Another place you can get this type of advice is from an accountant. If you hire an accountant to do your annual taxes, you can ask if they will also give advice on retirement savings and tax-advantageous ways to invest beyond retirement.

As you can see, it is a complicated industry.  Hopefully this advice will give you a head start in contemplating your need for a professional financial planner.


One of the financial advisors we initially met with turned out to be basically an insurance salesman.  Because of his insistence that we needed whole (or permanent) life insurance, I looked into life insurance options quite a bit.

Whole (or permanent) life insurance

From my reading, the consensus is that whole life insurance is a good option IF you have funded all other retirement and some investment options AND you want to leave money to your children when you die. This is a good option for very wealthy people who need to utilize many more investment vehicles than most of us ever think about. We did not fall in that category.

Term life insurance

Term life insurance is the kind where you pay a fee every month and when you die your beneficiaries get the payout.  The fee increases as you get older and you should probably consider discontinuing it at some point.  As you get closer to retirement you need this life insurance less because your children are grown, and/or your spouse relies on your income less, and/or you have a lot of savings and money in retirement accounts (hopefully!).  So pay the term life insurance premiums monthly and stop when it makes sense to stop.  You may lose all that money you spent on premiums, but that means you lived a long life! It’s like car insurance: you may never use it, but you keep it for the peace of mind.


I don’t have any great advice on mortgages because I feel like we did everything the hard way.  We went with a large, established credit union (UCCU) for our construction loan, but the lady we worked with was flaky and unresponsive, so we had to look for other options.  Everyone had a suggestion for a lender, but it’s a pain to start these relationships, discuss your situation and turn over all your financial information.

When you call a mortgage broker they can tell you a little about what the options are, including their current rates, but to get a real quote you have to fill out an application and then upload an extensive number of documents (taxes, paystubs, bank account statements, retirement account statements, explanations for certain expenditures or credit checks, etc.), and often get an appraisal. It’s a lot of work, and we did that for three different banks/firms. We felt like it was very difficult to get accurate and reliable information (i.e., the people we were speaking with were confusing and said different things at different times).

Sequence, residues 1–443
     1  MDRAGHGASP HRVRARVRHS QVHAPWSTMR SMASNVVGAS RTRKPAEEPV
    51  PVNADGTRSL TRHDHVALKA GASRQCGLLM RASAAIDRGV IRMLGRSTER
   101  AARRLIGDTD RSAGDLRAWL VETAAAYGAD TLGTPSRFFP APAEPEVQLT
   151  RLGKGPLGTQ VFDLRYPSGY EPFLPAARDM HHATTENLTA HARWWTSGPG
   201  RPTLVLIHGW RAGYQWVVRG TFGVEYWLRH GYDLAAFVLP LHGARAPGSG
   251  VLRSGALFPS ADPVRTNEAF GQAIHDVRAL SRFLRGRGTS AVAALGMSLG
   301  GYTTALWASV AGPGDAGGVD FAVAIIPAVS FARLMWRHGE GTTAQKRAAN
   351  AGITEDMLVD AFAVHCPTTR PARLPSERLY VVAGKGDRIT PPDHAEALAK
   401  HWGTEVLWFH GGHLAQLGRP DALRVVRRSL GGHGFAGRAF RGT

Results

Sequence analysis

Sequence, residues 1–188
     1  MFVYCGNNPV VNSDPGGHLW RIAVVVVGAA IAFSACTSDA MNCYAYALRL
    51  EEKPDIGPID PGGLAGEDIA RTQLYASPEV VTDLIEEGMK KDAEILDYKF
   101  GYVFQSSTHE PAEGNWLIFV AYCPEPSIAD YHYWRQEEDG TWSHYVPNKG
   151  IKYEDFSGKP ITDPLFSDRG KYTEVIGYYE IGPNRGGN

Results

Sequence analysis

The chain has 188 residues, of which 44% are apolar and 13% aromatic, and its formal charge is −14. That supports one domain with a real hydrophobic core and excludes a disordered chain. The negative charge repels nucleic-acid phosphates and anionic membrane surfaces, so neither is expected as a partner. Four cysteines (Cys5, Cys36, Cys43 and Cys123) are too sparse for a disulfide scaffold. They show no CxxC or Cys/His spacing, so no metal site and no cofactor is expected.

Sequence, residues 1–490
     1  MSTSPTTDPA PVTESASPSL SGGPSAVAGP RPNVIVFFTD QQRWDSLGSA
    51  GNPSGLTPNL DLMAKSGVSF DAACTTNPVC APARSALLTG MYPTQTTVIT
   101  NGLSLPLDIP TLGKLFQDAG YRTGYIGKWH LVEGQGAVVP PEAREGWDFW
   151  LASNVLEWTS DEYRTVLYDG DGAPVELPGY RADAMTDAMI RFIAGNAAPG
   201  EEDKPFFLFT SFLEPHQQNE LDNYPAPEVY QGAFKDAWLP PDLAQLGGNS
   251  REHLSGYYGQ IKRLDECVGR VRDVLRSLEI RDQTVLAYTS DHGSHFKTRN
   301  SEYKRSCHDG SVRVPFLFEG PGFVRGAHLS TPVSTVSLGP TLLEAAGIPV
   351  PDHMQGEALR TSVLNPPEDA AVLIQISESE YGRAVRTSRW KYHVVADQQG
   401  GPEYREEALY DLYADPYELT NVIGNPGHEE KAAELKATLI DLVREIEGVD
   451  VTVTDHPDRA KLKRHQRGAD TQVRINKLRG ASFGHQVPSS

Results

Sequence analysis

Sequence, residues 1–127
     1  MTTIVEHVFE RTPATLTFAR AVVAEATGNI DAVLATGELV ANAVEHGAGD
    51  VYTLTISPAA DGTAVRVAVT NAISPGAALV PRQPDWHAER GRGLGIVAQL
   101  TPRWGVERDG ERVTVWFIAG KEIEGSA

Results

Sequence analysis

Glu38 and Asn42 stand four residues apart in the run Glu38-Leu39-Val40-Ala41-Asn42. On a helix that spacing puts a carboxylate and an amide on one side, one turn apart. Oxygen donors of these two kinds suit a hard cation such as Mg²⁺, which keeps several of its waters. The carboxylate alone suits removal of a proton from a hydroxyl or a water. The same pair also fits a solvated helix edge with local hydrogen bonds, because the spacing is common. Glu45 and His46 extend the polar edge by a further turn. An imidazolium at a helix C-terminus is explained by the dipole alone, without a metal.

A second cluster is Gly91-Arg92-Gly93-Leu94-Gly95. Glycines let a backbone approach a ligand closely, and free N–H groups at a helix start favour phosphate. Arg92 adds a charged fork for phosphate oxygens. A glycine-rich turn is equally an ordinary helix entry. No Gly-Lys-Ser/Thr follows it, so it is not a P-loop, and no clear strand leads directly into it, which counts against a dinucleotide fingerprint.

One thing I do know is the process is much easier if you have 20% down.  Anything less than that requires special permission and a lot of, “we’ll see.”  Building a house makes things much more complicated.  We didn’t know if we’d for sure have 20% down because we didn’t know what the final cost of the house was (literally until about a month after we’d moved in!). Also, we had an additional appraisal after the house was built, and the value of the house had gone up, giving us instant equity.  We had no idea how much we’d need to bring to the closing until those two numbers were finalized.

We could move in before doing our final mortgage because our construction loan lasted for 12 months.  It was cheaper to just pay the interest on that construction loan anyway, so we continued with that while we moved in and waited for those numbers to come through.  Then we started talking to two different mortgage companies and finding out what they could offer.  It’s really hard to know if you’re getting a good deal or making the right decision. One difficult choice is between a 30-year fixed loan and an ARM (adjustable rate mortgage). The ARM was a lower interest rate, but it has some risk because after a certain number of years (7 in our case), the rate can be adjusted.  It’s a good idea to refinance before the 7 years is up, maybe getting into a 30-year fixed mortgage at that point, or even a 15-year fixed (which has great interest rates).  When you refinance you have to pay closing costs again, and you take the risk of higher rates. But, for us, the 7-year ARM made sense because it gave us a good rate right now and in 7 years our financial situation will be very different.  Bryan’s practice will be up and running and most of our kids will be out of the house.  So, we can afford the closing costs at that time, and we are hoping that rates stay the same or at least don’t go too crazy!